The FDA is getting serious about e-cigarette enforcement. In a statement released last week, the agency announced a crackdown on 1,300+ retailers and five manufacturers who make up 97% of the US market. That includes JUUL, which has been widely criticized for making vaping cool (Editor note: LOL is this really that cool?) and itself accounts for over half the US market. The FDA says vape use has increased to epidemic levels in teens, and it is intent to not “allow a whole new generation to become addicted to nicotine.” The agency expects the manufacturers to submit plans within 60 days to explain how they’ll stop teens from getting addicted to their products. If not, the agency could pull e-cigs from the market, a move which Big Tobacco is a fan of.
Malaria has a new foe, but it might need some more prep time to start working towards humanity’s (or at least the Bill and Melinda Gates Foundation’s) ultimate goal of malaria eradication. The new drug, Tafenoquine, is approved and ready to start fighting infections, but it has the unfortunate side effect of making red blood cells burst in some patients. Cells dying, you might have guessed, doesn’t lead to great patient outcomes. There is a test that can identify vulnerable patients, but it requires expensive and difficult to use machinery which may not be present in outbreak regions. Never fear though, researchers are already working on creating a more economically and technically feasible testing method that they’re confident will be ready when endemic countries roll out the drug.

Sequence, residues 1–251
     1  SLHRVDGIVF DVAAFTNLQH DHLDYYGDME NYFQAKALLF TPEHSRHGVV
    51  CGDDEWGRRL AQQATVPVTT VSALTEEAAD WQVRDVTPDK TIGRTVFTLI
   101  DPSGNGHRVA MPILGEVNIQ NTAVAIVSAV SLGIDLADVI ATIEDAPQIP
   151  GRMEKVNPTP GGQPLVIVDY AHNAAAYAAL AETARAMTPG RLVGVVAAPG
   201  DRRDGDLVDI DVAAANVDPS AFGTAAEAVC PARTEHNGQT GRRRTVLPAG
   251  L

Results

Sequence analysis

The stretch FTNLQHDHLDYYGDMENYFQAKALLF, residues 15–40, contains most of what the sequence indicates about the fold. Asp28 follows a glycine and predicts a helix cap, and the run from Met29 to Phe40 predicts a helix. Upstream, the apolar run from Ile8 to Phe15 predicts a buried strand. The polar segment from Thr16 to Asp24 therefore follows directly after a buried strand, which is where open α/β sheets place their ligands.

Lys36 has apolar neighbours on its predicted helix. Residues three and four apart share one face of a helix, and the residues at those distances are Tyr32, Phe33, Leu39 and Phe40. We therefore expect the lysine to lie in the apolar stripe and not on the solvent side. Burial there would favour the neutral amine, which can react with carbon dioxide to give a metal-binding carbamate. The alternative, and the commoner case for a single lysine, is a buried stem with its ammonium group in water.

All told, we got kind of lucky with the Zika epidemic. When a virus pops up in an area for the first time it’s pretty scary since no one around has pre-existing immunity, as happened in Brazil in 2016. But the threat from that outbreak has now largely passed, at least in terms of being an urgent global health emergency (we still need to keep it on our radars.) But the WHO is now concerned about a new rare virus much scarier than Zika. The Nipah virus has begun to spread in Kerala, India, and has unfortunately killed 17 victims out of 18 confirmed cases. Its source seems to be fruit bats, which some movie aficionados may remember as the source for the eponymous contagion from 2011’s Contagion. Also, there’s no vaccine or cure yet. So that’s fun.
The US Surgeon General has issued a nationwide advisory calling for more people to get training and access to the opioid overdose reversal drug Naloxone. The life-saving drug can be administered by shot or nasal spray, and blocks the brain’s response to opioids while allowing the patient to breathe again. So yeah, America’s doctor is saying this drug can save lives in a bad epidemic, what’s the big deal? Well one of the big points of the announcement is to loosen up restrictions for prescribing the drug to family and friends of opioid abusers. It also argues for wider application of ‘Good Samaritan’ laws, so that someone doesn’t worry about getting arrested for calling 911 when observing an overdose. You know what they say, no good deed…
Spanish Flu centenary:
One of the best ways to solve a problem is to remove the source. While the opioid epidemic will not be solved in one fell swoop (here’s where the term “fell swoop” came from), China is attempting to do its part, effective March 1. According to CNN, the country will ban four variations of the synthetic drug fentanyl, which can be “25 to 50 times stronger than heroin and up to 100 times more potent than morphine.” DEA officials have labeled this a “game-changer” as China is a primary supplier of illegal imports of the drug to the US. Another idea to stop illegal drug imports – we could just build a wa…never mind.